Th-SYM-655-4 - A Two-Wave Study On Workplace Bullying After Organizational Change: A Moderated Mediation Analysis

Track:
Bullying and harassment
What:
Symposium
When:
1 hour
Where:
H1.51
Discussion:
0
 
Conflict in organizations
Bullying and harassment
Th-SYM-655-4
A two-wave study on workplace bullying after organizational change: a moderated mediation analysis
P. Spagnoli 1,*, C. Balducci, F. Fraccaroli 2
1Psychology, Second University of Napoli, Napoli, 2Psychology and Cognitive Sicences, University of Trento, Trento, Italy
 
Main Abstract Content: Purpose. Negative outcomes of organizational change, such as workload and psychological strain, may play a role in the escalation of workplace bullying. The present longitudinal study aimed at examining the mediating effect of psychological strain in the relationship between workload and workplace bullying. Additionally, it examined whether the postulated mediation was moderated by the experience of organizational change processes.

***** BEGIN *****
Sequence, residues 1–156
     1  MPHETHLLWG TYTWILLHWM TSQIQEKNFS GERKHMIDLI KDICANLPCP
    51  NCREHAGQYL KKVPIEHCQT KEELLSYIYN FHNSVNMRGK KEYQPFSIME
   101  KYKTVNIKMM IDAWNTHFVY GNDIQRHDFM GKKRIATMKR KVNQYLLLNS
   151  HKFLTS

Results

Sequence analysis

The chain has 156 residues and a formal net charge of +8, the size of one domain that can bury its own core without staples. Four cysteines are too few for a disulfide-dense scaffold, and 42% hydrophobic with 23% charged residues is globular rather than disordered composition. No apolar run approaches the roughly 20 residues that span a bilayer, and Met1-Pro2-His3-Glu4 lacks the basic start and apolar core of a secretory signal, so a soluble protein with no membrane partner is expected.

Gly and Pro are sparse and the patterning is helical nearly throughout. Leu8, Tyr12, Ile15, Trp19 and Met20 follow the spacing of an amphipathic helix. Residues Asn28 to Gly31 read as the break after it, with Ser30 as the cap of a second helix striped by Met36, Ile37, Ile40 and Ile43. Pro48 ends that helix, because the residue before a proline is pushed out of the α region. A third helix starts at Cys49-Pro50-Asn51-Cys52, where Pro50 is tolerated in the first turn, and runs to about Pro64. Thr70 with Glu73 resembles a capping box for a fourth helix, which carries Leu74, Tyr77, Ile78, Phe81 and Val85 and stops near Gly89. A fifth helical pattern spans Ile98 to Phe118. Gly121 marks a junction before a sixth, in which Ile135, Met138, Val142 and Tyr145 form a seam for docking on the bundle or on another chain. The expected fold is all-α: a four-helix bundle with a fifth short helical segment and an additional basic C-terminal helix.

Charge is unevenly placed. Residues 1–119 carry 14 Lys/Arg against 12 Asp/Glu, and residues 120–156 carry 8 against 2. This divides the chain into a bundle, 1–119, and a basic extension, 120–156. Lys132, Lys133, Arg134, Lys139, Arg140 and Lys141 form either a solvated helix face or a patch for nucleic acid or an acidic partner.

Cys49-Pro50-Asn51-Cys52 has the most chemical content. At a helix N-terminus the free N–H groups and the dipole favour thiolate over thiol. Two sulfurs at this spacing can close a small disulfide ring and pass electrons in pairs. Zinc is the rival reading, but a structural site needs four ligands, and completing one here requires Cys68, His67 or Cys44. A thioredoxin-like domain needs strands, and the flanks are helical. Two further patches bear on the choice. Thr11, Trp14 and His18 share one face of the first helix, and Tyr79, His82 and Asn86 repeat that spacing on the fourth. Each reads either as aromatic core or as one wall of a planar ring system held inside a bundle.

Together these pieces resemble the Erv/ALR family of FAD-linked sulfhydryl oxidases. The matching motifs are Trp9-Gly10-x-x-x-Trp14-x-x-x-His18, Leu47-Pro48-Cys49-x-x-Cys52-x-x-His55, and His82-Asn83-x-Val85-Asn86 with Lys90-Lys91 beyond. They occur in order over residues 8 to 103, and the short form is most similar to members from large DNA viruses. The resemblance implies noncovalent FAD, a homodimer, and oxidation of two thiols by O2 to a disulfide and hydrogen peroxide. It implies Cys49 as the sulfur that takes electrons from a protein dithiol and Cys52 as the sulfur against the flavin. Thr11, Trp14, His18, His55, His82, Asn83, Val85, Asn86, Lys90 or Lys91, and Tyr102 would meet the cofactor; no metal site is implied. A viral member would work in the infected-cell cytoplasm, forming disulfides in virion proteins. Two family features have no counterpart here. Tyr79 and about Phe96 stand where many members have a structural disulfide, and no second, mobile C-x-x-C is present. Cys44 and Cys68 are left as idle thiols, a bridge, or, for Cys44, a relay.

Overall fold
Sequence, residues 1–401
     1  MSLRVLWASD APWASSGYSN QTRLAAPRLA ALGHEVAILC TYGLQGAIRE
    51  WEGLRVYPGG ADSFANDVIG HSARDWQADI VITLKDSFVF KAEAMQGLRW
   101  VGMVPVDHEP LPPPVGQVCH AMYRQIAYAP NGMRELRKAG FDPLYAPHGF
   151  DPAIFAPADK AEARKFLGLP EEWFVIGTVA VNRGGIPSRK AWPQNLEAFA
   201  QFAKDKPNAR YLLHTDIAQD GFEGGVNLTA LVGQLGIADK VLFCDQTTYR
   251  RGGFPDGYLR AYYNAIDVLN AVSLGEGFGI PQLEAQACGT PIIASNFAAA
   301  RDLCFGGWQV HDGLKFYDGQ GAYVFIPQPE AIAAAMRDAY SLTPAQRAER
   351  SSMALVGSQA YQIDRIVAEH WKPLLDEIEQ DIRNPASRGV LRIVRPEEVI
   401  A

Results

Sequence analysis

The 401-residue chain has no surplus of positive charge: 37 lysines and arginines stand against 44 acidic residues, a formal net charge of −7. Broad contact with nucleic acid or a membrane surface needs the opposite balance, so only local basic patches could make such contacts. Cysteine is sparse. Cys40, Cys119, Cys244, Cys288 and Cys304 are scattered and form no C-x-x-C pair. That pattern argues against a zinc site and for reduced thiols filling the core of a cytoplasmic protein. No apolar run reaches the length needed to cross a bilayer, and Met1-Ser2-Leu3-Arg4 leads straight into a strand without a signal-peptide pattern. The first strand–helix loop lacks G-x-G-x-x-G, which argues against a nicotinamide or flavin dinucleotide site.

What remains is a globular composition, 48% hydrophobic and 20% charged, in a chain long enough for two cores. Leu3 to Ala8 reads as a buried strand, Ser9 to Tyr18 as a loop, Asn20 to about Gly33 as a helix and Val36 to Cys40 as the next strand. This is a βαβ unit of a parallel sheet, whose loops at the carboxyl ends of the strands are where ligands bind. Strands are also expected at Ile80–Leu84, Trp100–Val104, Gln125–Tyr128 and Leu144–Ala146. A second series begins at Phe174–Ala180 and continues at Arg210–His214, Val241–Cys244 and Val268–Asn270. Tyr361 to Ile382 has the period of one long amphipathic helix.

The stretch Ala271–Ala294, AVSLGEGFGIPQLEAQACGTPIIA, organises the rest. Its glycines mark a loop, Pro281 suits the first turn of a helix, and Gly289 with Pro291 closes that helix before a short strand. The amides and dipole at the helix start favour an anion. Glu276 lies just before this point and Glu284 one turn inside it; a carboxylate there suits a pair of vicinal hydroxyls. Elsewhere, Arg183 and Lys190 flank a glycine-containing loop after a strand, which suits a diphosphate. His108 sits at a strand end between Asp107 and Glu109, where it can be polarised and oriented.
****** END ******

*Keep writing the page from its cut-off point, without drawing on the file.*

Design/Methodology. Data were available for 141 university employees (65.2% females). The moderating role of organizational change was tested through the Structural Equation Modeling with multi-group method by including in the analysis two groups of employees of the same organization: a group of employees who directly experienced organizational change (e.g. change of job tasks and supervisor) and a group of employees of the same organization who were not involved in organizational change.
Results. Bootstrap test of the indirect effects provided evidence of a mediating effect of strain in the relationship between workload and workplace bullying in the group of employees who directly experienced the organizational change process.
Limitations. The study adopted only the target perspective of workplace bullying, whereas also the perpetrator perspective would be necessary to obtain a more complete picture. Moreover, the adopted three-year time lag might have not effectively matched the underlying causal mechanism.
Research/Practical implications. Managers should avoid high levels of workload for employees by carefully designing the reengineering process.
Originality/Value. Although sound theoretical basis support these relationships, this constitutes one of the first comprehensive empirical studies including them.
 
 
 
 
 

 
 

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